How to Streamline the Process?
A process is streamlined by understanding,
documenting and then simplifying the process. Challenge the process
and "think outside the traditional box." Differentiate
between an activity and a result. The implementation steps are:
1. Understand what the customers want from the
process and what end results are to be accomplished. Determine
how progress will be measured. Define the expectations,
constraints, and deliverables.
2. Analyze the current process. Flow chart,
map, and document the process. Identify the process steps, time,
deliverables, ownership, and paperwork required to support the
process. Identify the required activity: move, storage,
inspection, setup/changeover, queue (wait) time, receiving,
handling or producing. Identify exchanges, and controls. Identify
the expected results the process is to accomplish. Establish a
baseline for measuring performance and productivity
improvements. Identify current problems and the root causes of
3. Define the output, objectives and
4. Redesign or reengineer the process. List the
new objectives of the process. Identify the resources required
to reengineer. Focus on eliminating non-value-adding activities
and unnecessary costs. Simplify complex decisions, steps, and
functions. Set performance standards. Minimize the "white
space" between process steps. Eliminate paperwork, steps
-don't just automate the process. Review if the
processes or steps are needed. Don't reengineer a process or
step that is not needed. It is a waste of time and money.
5. Identify other changes required. What must
go right to make this process more productive? What obstacles
exist that will keep us from accomplishing our process objectives?
Document the changes to the organization, measures, empowerment,
information and technologies that are required. Secure approval
for these changes before implementing the process changes.
Use the Quality Improvement Process (QIP) steps.
1. Identify the customers (internal and external).
2. Identify the customer's needs.
3. Focus on the critical needs.
4. Document the process "as it is"
and compare it to the process "as it should be."
5. Identify problems.
6. Investigate the problems.
7. Analyze the root causes of the problems.
8. Identify solutions.
9. Select solutions.
10. Solve the problems.
11. Confirm results. Congratulate, recognize
and reward (nonfinancially).
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12. Repeat the cycle.
Useful problem-solving tools that should be used
in the 12-step QIP process are: brainstorming, flowcharting, Pareto
analysis, check sheet, run charts, histograms, cause and effect
diagrams, control charts and nominal group technique.
What Are the Benefits?
The benefits and payoffs of MRP II reengineering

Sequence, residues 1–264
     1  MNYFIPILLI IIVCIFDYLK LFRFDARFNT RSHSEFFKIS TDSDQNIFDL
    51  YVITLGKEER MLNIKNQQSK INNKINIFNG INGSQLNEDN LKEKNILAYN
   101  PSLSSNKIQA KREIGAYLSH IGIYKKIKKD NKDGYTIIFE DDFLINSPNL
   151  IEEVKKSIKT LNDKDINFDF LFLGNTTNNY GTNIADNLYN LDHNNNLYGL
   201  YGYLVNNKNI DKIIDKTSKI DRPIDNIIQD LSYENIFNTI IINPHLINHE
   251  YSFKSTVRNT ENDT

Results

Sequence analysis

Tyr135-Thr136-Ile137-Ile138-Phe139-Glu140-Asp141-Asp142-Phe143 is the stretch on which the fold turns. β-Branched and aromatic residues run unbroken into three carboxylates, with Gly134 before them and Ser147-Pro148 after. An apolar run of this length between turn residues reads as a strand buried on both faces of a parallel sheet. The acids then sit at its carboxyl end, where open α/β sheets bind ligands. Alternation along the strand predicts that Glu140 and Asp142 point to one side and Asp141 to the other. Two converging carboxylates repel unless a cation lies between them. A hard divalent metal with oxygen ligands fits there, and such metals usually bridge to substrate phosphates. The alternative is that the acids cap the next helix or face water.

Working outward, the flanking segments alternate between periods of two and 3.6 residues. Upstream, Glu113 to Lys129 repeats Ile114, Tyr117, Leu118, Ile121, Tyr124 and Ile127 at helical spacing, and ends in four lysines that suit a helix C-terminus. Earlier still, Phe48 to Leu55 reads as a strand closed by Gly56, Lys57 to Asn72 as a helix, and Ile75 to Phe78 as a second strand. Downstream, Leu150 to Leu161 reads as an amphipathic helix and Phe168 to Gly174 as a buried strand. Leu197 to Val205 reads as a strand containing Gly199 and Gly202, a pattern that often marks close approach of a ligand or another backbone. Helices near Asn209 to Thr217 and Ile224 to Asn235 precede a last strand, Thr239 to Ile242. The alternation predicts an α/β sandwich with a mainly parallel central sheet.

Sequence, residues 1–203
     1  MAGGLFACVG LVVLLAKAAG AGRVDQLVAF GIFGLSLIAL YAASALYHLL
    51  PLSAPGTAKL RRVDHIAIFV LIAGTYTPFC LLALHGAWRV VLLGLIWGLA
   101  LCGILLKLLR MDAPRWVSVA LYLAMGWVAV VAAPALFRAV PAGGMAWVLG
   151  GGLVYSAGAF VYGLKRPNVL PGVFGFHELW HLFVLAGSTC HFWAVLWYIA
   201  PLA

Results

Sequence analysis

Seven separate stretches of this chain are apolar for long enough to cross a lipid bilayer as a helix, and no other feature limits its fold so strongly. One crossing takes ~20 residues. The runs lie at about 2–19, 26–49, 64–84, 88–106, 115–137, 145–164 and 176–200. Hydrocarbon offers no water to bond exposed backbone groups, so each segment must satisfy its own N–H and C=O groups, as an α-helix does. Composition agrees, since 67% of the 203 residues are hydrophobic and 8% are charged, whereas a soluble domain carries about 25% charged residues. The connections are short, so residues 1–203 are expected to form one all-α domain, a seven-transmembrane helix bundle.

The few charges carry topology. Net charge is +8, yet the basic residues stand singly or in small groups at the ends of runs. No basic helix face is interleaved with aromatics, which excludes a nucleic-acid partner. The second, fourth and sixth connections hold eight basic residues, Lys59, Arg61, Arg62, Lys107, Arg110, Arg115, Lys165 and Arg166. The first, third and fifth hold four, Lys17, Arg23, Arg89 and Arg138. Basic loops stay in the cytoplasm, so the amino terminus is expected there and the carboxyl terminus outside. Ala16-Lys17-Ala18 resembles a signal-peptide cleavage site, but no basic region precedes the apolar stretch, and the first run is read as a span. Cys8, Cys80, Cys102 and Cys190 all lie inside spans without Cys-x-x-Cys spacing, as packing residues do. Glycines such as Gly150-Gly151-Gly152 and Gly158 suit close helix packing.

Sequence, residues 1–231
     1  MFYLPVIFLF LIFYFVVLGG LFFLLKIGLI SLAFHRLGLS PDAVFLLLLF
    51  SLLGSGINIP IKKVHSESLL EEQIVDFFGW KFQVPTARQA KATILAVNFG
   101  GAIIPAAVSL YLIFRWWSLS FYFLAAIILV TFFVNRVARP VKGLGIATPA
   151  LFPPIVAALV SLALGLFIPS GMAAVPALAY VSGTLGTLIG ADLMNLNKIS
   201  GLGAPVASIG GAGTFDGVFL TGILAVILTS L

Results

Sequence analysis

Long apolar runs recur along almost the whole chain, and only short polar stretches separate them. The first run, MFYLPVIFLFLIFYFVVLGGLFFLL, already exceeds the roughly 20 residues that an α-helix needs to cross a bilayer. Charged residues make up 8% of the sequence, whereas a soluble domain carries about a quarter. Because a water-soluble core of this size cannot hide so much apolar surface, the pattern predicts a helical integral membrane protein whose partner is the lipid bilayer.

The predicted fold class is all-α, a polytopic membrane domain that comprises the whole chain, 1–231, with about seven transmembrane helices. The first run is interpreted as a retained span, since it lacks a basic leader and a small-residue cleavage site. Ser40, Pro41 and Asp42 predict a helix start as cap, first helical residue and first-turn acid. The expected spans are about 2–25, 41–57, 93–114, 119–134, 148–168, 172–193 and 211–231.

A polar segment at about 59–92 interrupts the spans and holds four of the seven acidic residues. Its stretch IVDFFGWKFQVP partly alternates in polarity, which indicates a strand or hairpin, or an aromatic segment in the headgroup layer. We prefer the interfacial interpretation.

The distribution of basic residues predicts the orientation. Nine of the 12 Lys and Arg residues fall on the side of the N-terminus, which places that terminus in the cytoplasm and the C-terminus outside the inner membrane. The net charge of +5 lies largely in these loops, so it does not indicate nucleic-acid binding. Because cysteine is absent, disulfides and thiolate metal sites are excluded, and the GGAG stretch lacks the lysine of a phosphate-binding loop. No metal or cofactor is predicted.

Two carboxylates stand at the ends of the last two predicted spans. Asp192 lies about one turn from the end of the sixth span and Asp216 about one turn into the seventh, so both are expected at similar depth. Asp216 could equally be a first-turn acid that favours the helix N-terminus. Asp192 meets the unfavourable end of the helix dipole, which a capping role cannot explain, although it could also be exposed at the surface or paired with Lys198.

exist in four broad categories:
1. Improvements in profits, resulting in increased sales.
2. Better control of working assets, resulting
in a reduction of excess raw material, WIP and finished goods'
inventory carrying costs.
3. Lower inventory carrying costs and improved
business practices mean less cost and fewer expenses.
4. Cash flow improvement.
Combining these four benefits will enable your
company to reach the goals set for Return on Net Assets (RONA), net
sales, contribution margin, reduction of fixed & variable cost,
operating income, and higher customer & employee satisfaction.
What is keeping your company from reengineering the MRP II business
management processes, achieving these desired business results,
and making your company a flexible competitor? Nothing but desire
and commitment! Seize the opportunity. There are only three
constraints—time, people and money. Why not take the time and your
talented people and invest the money to significantly improve your
company's business management processes? As the commercial says,
"Just Do It!" You will love the results!
About the Author
John Civerolo is President of J. J. Civerolo,
Inc. and is a senior partner at Partners for Excellence, a consul
specializing in consulting and education for
Manufacturing Resource Planning (MRP II) implementations while
integrating the Total Quality Management (TQM), Distribution
Requirements Planning (DRP), Continuous Improvement (JIT), and
People Involvement & Empowerment philosophies in a variety of
manufacturing companies throughout the United States, Canada,
Mexico, and Germany. He has been an active user, educator, and
consultant for over twenty-six years. Previously, he was Vice
President of R.D. Garwood, Inc., for ten years and was
associated with Oliver Wight Companies for five years.
John was Director of Management Information
Services, Internal MRP II Consultant, and Materials Manager at
Sunbell Corporation in New Mexico. While there, he co-chaired the
MRP II Task Force that helped Sunbell progress from a Class D user
to a Class A MRP II user. Since leaving Sunbell in 1980, John has
helped many companies achieve the same kind of success.
John holds a Bachelor's degree in mathematics
from the University of New Mexico. He is a frequent speaker at
professional society dinner meetings, APICS conferences, and
universities. He has been Vice President of Education for the
Albuquerque chapter of APICS.
John is the author of several widely read articles including:
— "Sales & Operations Planning Starter Kit" -
— "People Empowerment - How to Guarantee Success"
— "On-Time New Product Development - Fact or
— "Beware! Cycle Counting can be Hazardous to
Inventory Record Accuracy"
— "Unloading the Overloaded Master Production
— "MRP II & JIT Make a Tough, Competitive
— "Demand Pull: What are the Prerequisites for
— "Listening—A Tough Competitive Weapon."
John is known as an industry leader in his field working with
companies from entrepreneurial startups to Fortune 500 companies
such as Mark IV, Dayco/Anchor Swan, Eastman Kodak, Eli Lilly,
General Signal, Trane, Interbake Foods, and Reynolds.
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